For many adults, a formal ADHD diagnosis can be a life-changing moment: a new world of treatment options, a fresh perspective about yourself and your behaviors, and a solid first step toward building a happier and more productive life.
Because of this importance, however, the experience can often seem daunting. To help alleviate some of the stress of an ADHD diagnosis, we've broken the ADHD diagnostic process down step-by-step. That way, you can be sure you're getting the right help and the most accurate diagnosis possible.
According to the American Psychiatric Association, ADHD, or attention deficit hyperactivity disorder, affects almost 9% of children and at least 2.5% of all adults worldwide, making it one of the most common mental disorders worldwide. In reality, many experts believe that adult ADHD is even more common than those statistics suggest, with up to 80% of adults living with the disorder going undiagnosed.
In day-to-day life, ADHD can have profound effects on a person's ability to perform simple tasks, remain focused, or operate in a healthy and comfortable way in various social, academic, or professional situations. Fortunately, modern research continues to explore ADHD, how it affects different types of individuals, and how to diagnose and treat the disorder.
What Are the Steps in the ADHD Diagnostic Process?
Typically, the process of diagnosing ADHD involves five distinct steps. Although previous generations required many of these steps to be carried out in person, modern mental health professionals are usually comfortable performing an ADHD diagnosis via video call.
By doing so, patients can undergo the process in a more familiar, comfortable location and collaborate with some of the most experienced therapists from around the world.
- Observing Potential ADHD Symptoms
A key first step in diagnosing ADHD is establishing potential symptoms. Often, this is done using various ADHD symptom checklists. Some people prefer to perform a self-assessment prior to meeting with a mental health professional, but your therapist will inevitably ask questions of their own to help identify symptoms or behaviors you might have overlooked.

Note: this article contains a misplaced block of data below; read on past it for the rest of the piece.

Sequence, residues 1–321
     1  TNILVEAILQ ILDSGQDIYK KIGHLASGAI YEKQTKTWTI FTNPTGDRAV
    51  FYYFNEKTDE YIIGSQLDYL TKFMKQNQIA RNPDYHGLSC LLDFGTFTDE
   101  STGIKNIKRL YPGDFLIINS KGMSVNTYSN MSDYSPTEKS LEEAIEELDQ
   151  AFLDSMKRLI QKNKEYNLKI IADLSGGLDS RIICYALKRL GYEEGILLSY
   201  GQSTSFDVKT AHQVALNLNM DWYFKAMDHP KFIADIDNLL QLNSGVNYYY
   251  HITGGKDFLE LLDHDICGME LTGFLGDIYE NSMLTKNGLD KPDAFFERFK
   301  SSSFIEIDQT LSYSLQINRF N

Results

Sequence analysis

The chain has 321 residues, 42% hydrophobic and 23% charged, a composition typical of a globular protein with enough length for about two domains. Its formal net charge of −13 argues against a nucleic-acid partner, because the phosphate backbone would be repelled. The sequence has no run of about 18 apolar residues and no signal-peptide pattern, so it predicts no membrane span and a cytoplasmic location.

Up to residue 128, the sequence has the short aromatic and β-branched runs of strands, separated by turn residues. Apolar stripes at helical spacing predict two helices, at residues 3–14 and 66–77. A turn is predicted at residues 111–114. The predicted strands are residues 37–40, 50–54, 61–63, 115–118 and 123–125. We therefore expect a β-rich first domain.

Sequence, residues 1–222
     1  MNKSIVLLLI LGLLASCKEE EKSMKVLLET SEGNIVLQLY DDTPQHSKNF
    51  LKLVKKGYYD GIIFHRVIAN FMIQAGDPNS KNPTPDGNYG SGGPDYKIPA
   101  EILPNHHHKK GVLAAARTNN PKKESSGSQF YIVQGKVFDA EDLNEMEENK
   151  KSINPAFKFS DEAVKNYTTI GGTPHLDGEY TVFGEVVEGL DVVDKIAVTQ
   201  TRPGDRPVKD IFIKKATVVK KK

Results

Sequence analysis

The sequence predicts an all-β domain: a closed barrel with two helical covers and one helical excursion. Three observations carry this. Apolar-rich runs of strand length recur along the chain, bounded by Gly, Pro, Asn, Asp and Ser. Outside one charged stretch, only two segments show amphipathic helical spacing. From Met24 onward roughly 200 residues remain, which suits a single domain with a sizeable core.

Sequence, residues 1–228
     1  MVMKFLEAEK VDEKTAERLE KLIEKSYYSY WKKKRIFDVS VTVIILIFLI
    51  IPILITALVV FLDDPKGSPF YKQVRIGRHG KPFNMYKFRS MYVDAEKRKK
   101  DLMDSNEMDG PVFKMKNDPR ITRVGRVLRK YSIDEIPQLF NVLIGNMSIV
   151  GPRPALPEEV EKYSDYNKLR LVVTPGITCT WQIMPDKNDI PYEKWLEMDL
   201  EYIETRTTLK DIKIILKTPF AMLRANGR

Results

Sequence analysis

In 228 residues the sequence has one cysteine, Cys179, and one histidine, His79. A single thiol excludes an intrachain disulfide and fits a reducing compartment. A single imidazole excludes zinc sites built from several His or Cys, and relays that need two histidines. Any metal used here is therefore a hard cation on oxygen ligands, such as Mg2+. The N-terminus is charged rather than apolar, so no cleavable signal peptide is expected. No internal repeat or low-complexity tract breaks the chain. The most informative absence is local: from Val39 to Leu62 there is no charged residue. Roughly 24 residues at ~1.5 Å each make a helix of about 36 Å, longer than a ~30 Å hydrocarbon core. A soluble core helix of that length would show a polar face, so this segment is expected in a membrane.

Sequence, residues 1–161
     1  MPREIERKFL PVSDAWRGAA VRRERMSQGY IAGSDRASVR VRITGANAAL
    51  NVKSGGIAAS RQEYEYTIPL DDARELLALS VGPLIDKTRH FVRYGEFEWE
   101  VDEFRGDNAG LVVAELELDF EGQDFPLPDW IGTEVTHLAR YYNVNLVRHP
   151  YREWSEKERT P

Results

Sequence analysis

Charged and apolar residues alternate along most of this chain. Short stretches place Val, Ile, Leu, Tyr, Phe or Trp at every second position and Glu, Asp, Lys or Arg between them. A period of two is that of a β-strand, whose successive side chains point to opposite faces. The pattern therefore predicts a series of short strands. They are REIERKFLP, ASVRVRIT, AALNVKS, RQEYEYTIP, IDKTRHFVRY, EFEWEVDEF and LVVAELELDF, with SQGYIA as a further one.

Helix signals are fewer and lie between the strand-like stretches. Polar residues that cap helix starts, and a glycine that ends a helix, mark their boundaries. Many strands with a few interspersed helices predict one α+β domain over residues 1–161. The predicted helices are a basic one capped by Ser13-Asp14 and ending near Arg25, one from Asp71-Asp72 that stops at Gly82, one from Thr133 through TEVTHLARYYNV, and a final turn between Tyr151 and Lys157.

ADHD symptoms are traditionally broken down by "presentations," or the type of ADHD. These presentations are:
Hyperactive-impulsive symptoms are some of the most readily recognized by the general public due to their often physical nature. In children, these symptoms can manifest as a difficulty staying seated, fidgeting or squirming, or talking too loudly or quickly.
For adults with ADHD, hyperactive-impulsive symptoms may involve unnecessary risk-taking behavior, difficulties with impulse control, substance abuse, or interrupting others during conversations.
For many people, symptoms related to inattentive ADHD can be more difficult to identify in both children and adults. These symptoms usually involve difficulty focusing on prolonged tasks, stopping a project or activity halfway through, struggles with organization, or frequently missing deadlines.
While inattentive ADHD symptoms can significantly impact a child's life, that potential impact is just as severe for adults. Whether it's trouble maintaining finances, poor performance at work, or interpersonal conflict in relationships, it's vital to address these symptoms.
The combined presentation of ADHD is, by far, the most commonly diagnosed in the world. Simply put, this diagnosis means that an individual displays a mixture of both inattentive and hyperactive-impulsive symptoms, though that balance can look very different from person to person.
No matter what type of ADHD you are ultimately diagnosed with, remember that these symptoms affect everyone differently, and personalized treatment is key to ensuring the best results.
Display of Symptoms
Usually, adults seeking an ADHD diagnosis will have recognized certain behaviors or habits in their lives that lead them to believe they may have the condition. As you prepare for the formal diagnostic process, take the time to record any symptoms you've observed over the past two weeks. Remember, these can be symptoms related to hyperactivity, impulsivity, inattentiveness, or any combination of the three.
Finally, some people prefer to ask friends, coworkers, or family members for help recognizing and recording potential symptoms. If you're comfortable with this, getting multiple perspectives can allow you to identify behaviors you may have overlooked on your own.
- Initial Assessment
Initial assessments, or "quizzes," are an optional but suggested step toward an official ADHD diagnosis. These tests, like the one offered by ADHDAdvisor.org free of charge, help you to identify and better understand potential signs and symptoms of ADHD in your daily behaviors.